David Attenborough at 97: ‘He still works harder than most of us – seven days a week’

At 97, Sir David Attenborough is a man still happy to crawl on his belly through wet grass to get his shot.

For his latest project, Secret World Of Sound, the world-renowned naturalist and broadcaster explores the ways that animals hear and produce sound, using cutting-edge technology to record noises from nature – with some captured on film for the first time.

Attenborough’s long-time collaborator, and the show’s series producer, Sharmila Choudhury tells Sky News: “David keeps us on our toes. He sets the bar very high. And that’s a good thing.

“I think he work still works harder than most of us, usually seven days a week… When he commits himself to something, he gives it 100%.”

Pic: Sky Nature/NOW
Sir David Attenborough puts sound centre stage in his new three-part documentary, Secret World Of Sound. Pic: Sky Nature/NOW

Joining the team for filming in the Wye Valley in Monmouth to capture the song of a wild dipper, Attenborough found himself lying on the damp ground hoping that the small bird would show up.

Truly at one with nature, he didn’t have long to wait.

Choudhury explains: “He crawled through the grass to get into the best position, and was all up for it… We didn’t want to leave him lying in the wet grass for hours.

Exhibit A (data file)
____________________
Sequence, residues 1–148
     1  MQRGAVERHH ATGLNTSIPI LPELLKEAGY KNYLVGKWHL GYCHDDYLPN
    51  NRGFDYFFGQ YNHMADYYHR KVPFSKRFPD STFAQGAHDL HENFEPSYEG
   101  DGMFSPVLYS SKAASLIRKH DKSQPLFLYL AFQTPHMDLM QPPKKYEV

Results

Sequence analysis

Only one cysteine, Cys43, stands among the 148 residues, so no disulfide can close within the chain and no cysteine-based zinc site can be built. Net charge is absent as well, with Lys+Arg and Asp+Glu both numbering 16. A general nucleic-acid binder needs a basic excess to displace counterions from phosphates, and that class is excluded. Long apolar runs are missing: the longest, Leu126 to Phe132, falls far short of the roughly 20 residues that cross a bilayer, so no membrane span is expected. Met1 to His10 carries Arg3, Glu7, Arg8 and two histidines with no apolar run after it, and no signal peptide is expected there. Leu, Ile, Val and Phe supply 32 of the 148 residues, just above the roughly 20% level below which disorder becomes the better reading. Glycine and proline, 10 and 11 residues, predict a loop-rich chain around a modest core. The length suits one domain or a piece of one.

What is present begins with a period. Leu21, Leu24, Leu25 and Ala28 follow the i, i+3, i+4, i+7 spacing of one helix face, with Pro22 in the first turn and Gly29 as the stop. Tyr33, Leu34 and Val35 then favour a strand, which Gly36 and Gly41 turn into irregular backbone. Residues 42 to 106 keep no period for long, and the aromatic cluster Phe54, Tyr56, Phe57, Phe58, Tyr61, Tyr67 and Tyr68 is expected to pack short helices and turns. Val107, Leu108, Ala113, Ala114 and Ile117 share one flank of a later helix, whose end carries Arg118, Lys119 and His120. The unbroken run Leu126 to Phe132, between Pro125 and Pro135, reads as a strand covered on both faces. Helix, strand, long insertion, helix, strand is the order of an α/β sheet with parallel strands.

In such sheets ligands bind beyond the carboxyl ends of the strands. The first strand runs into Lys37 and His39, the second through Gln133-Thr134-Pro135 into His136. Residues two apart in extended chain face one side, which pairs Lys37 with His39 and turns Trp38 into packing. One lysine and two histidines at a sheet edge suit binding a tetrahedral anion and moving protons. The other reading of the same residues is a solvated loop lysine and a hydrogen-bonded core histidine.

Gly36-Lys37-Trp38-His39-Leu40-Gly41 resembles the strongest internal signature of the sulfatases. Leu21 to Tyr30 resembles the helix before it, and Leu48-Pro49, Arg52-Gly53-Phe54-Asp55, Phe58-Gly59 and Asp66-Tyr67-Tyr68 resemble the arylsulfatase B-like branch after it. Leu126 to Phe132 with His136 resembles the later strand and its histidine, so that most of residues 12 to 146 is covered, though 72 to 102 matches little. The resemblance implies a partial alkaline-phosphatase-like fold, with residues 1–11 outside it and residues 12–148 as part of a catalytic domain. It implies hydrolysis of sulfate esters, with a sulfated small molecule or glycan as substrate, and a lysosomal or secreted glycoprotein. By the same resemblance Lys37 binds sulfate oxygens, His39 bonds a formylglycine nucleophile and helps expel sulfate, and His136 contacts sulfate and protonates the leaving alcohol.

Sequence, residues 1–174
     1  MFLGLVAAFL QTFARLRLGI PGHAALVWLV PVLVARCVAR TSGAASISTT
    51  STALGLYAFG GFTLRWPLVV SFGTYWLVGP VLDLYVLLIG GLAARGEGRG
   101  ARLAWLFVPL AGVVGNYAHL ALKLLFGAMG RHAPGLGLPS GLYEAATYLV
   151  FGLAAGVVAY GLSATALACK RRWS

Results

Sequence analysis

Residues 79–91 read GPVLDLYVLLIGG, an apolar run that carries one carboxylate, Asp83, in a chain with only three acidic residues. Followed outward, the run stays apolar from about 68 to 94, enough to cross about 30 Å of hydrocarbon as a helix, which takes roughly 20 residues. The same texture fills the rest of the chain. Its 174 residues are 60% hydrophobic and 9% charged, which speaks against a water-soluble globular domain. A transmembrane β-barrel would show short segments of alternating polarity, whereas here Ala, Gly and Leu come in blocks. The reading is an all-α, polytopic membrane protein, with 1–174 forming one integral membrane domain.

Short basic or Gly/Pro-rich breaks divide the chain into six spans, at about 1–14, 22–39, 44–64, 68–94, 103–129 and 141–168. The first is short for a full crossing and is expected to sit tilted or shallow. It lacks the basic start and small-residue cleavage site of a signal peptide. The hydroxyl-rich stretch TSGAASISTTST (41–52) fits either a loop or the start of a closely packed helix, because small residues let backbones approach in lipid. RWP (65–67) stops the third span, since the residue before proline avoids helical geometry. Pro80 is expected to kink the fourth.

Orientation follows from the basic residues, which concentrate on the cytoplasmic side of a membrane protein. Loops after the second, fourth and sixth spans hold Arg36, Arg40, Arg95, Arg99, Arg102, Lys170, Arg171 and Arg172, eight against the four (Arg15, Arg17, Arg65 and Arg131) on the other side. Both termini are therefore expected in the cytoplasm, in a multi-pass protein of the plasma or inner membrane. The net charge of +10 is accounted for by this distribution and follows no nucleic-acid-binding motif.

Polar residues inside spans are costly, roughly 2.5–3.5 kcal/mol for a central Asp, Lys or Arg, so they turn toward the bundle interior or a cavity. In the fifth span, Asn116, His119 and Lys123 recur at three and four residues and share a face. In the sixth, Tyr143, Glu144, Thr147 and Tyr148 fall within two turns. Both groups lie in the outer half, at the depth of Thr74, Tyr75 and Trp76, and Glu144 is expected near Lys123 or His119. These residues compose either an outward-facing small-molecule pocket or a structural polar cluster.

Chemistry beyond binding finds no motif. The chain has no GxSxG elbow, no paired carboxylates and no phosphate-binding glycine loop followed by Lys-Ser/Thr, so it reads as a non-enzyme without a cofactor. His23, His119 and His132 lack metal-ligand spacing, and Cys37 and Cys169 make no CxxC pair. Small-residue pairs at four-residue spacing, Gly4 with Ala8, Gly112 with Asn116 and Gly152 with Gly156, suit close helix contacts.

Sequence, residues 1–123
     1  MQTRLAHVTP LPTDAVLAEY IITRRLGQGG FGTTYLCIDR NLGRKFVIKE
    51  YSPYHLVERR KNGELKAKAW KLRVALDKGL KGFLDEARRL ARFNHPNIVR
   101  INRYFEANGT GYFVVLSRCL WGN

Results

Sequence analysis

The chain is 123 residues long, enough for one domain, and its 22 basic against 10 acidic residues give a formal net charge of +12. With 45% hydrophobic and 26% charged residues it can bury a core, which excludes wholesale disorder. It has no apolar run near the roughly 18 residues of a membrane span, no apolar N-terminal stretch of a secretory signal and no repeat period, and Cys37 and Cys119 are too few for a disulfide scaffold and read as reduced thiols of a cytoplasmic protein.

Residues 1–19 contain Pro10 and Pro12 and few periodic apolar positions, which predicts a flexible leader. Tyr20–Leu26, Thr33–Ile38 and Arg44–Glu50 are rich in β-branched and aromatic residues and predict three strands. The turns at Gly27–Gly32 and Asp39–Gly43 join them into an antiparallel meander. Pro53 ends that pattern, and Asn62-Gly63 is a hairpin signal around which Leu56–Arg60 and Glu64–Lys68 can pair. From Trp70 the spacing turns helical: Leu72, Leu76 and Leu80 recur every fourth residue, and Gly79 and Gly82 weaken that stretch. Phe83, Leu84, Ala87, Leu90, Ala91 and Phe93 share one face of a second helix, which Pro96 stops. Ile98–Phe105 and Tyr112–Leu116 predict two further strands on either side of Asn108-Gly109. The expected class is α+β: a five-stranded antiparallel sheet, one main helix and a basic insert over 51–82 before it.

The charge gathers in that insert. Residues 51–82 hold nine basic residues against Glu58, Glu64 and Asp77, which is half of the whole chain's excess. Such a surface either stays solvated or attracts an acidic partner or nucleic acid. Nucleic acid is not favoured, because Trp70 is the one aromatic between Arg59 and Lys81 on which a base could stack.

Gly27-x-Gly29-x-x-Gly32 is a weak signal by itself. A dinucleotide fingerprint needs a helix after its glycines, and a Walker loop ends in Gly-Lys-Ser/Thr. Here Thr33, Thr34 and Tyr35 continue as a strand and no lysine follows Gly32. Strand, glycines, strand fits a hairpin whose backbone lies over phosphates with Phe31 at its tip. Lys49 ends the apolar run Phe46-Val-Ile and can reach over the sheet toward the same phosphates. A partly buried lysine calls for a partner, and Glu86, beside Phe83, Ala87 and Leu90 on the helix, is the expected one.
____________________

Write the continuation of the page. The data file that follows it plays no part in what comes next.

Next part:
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“Miraculously, and this often happens when David arrives on location, the sun suddenly burst through the clouds.

Pic: Sky Nature/NOW
Pic: Sky Nature/NOW

“The dipper flew in. David smiled and delivered his lines of what he wanted to say, you know, smoothly in one go. It’s amazing.”

‘It hits you in the core’

For the same episode, Attenborough explains how bees are struggling with modern fertilisers and climate change.

Choudhury says: “Him looking straight to camera and delivering a message like that is so powerful. It literally hits you in the core.”

Calling him an “inspiration,” and praising his “unrivalled” breadth of knowledge, she adds: “And he obviously has a fabulous voice and style of delivery, which is the cherry on the cake of any natural history program.”

A-three-part series, the documentary studies animal behaviour, breaking the sounds they make down into four functions – finding a mate, looking after young, hunting for food or avoiding becoming prey.

Technology worthy of 007

Some of the technology used in the series was borrowed from other walks of life, while other bits of kit were of true James Bond status.

Choudhury says: “We used everything from the tiniest microphone the size of your fingernail, that you could put inside a bird nest or a beehive, to super sensitive hydrophones that you can put underwater to record, the faintest communications between fish.

“There were also a couple of, gadgets that were actually developed for other industries – the gas industry, or for espionage purposes, that we thought might help us to listen in on sounds that we don’t normally get to hear.”

One of those gadgets was the laser vibrometer – a machine which shoots out a laser beam to detect any vibrations caused by noise and amplifies them, so they are audible to the human ear.